If you’ve been dreaming of a future in which electric cars move silently about city streets like ghosts on wheels, your fantasy is about to be dashed. Often times cited as one of the best aspects of electric cars, their silence is enticing. But from the perspective of the blind, the elderly and parents of oblivious kids (most of them), that silence is a major safety concern.
This week, in association with representatives of almost every major car manufacturer on the planet, the National Federation for the Blind and the American Council of the Blind endorsed language that would add an audible alert to any vehicle that makes little to no noise at low speeds, including electric cars and hybrids that shut off engines when coming to a stop.
Last year we heard that Nissan had already begun thinking about the safety issues surrounding electric car silence and would be including “futuristic” sounds on the Nissan LEAF that will turn on automatically at low speeds. We also heard about GM’s attempt to deal with the issue on the Volt by giving the driver the ability to emit a chirping sound to alert pedestrians. Things got weird when we started hearing about companies that were planning on providing downloadable “ringtones” for electric cars. Seriously? I already hate it when I hear a pop music ringtone go off in the movies, can you imagine cars doing the same thing? Please no.
But in all seriousness, it’s a big issue. Which is why the Alliance for Automobile Manufacturers and the Association of International Automobile Manufacturers have worked closely with the two blind advocacy groups to come up with legislation that can be attached to the Motor Vehicle Safety Act of 2010 that congress is working to pass by the end of the summer.
Based on the initial wording in the proposed bill, the National Highway Transportation and Safety Administration would have 18 months from the passage of the bill to start writing rules that would establish “performance requirements for an alert sound that allows blind and other pedestrians to reasonably detect a nearby electric or hybrid vehicle operating” at low speeds. The rules would then have to be finalized within 3 years of passage.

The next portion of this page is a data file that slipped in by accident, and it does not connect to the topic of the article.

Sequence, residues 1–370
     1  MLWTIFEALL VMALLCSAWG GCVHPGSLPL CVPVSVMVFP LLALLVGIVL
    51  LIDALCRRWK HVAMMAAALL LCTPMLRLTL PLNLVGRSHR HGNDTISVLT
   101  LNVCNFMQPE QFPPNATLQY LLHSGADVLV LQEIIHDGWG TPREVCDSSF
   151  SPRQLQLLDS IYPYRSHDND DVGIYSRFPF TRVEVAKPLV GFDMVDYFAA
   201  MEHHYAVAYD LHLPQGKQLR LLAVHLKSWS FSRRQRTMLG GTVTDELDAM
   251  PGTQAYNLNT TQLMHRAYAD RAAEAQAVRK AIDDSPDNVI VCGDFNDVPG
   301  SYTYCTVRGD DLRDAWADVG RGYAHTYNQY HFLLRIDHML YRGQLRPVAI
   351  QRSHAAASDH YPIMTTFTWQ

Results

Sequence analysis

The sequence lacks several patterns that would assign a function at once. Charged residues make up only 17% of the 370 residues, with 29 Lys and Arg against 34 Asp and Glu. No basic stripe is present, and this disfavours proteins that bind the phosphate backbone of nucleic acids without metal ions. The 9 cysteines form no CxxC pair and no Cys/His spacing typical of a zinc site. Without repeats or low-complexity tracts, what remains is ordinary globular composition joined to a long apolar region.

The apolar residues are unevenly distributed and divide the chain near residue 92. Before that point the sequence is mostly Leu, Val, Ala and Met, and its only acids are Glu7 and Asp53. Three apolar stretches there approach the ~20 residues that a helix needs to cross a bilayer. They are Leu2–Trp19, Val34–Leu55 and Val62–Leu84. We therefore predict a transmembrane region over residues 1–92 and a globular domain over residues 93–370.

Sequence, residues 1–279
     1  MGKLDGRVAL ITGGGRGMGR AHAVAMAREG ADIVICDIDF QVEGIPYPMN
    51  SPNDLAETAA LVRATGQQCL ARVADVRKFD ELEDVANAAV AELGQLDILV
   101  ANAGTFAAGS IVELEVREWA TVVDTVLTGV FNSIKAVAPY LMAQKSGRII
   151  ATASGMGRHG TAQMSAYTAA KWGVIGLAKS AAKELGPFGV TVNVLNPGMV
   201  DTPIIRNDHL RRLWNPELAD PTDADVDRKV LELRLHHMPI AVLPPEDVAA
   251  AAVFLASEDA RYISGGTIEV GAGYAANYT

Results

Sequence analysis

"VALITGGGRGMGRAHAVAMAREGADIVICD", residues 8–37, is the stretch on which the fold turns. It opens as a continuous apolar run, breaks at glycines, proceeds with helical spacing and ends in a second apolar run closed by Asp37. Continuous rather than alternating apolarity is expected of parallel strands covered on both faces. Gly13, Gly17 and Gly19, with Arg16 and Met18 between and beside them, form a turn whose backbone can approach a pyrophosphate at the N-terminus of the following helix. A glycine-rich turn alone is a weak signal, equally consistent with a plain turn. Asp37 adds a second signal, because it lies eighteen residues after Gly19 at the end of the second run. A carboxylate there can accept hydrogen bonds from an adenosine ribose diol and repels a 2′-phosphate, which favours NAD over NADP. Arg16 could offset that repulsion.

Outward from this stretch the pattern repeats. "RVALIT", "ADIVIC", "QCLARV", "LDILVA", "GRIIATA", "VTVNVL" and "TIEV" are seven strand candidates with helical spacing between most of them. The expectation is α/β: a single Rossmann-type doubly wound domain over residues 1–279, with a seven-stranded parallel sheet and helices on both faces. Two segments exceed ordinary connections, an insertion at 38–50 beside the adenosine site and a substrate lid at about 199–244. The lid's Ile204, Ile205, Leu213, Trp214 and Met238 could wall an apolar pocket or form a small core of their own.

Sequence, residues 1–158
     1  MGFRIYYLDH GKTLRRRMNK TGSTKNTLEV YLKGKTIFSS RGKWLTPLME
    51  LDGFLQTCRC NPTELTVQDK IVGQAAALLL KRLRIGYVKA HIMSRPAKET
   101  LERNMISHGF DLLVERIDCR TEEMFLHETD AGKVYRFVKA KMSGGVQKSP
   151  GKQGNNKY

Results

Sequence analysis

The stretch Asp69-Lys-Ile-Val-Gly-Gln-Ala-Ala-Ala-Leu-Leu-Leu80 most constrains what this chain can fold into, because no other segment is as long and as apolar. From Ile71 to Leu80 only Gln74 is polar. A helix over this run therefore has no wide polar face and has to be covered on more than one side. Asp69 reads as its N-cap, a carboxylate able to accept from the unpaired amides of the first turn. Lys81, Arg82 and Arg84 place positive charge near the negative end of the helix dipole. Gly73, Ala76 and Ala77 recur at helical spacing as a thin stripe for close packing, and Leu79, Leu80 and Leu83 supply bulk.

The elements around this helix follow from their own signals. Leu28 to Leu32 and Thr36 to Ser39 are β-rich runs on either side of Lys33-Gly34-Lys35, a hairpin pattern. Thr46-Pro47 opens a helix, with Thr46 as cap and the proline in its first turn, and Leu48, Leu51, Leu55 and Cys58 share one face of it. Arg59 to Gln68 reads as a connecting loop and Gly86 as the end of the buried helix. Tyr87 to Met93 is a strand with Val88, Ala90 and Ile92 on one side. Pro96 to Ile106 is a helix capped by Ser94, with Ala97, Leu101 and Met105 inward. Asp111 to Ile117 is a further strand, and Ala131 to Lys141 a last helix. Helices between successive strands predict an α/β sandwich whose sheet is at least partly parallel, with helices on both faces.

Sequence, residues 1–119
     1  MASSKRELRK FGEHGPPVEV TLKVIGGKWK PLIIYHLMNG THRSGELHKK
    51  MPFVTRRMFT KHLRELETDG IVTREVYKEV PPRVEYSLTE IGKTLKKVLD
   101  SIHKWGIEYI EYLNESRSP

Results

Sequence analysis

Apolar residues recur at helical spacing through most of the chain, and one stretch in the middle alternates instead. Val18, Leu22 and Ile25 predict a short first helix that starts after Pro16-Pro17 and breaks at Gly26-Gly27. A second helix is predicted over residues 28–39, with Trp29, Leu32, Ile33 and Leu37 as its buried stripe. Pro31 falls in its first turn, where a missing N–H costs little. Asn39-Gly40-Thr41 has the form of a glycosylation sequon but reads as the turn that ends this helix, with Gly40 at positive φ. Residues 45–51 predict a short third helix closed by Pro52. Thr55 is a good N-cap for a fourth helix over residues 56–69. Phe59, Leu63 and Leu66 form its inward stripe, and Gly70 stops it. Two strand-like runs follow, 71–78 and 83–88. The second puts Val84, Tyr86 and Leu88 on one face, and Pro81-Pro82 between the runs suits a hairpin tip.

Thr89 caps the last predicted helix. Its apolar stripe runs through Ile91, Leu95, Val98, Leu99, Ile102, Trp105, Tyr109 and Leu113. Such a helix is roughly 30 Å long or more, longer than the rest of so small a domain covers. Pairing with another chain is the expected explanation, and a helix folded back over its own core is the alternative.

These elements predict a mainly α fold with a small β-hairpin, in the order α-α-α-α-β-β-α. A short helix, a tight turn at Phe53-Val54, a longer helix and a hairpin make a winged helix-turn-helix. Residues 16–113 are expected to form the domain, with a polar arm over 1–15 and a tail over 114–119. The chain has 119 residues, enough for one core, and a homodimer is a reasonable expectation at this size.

The alert sound would be automatic and would not be adjustable by anybody but the manufacturer or a dealer. In addition, all cars of the same make and model would be required to have the same exact sounds within “reasonable manufacturing tolerances.” But in the same paragraph, the bill also directs NHTSA to “allow manufacturers to provide each vehicle with one or more sounds.” So, even though each car would have to have the same set of sounds, they could have a hundred sounds to choose from. I can see the mass cacophony now… and I’m dreading it.
But maybe there’s hope for this after all. In rather vague wording included in the bill the NHTSA is directed to determine what “minimum level of sound” is required to provide sufficient warning as well as what sounds can be recognizable as warning of a car’s approach. In addition, NHTSA is supposed to “consider the overall community noise impact,” whatever that means.
I don’t know, my fantasy of a quiet city without the growl of combustion engines is quickly turning into a bad dream of a mix of Britney Spears, J-Lo, and whatever other musical puke you might mix together as hybrids and electric cars sit at stop signs and meander through parks. I understand the need, but I’m dreading what our capitalistic commercial machine will dole out as an answer.
You can read the joint endorsement letter and check out the draft bill language for yourself on the next page.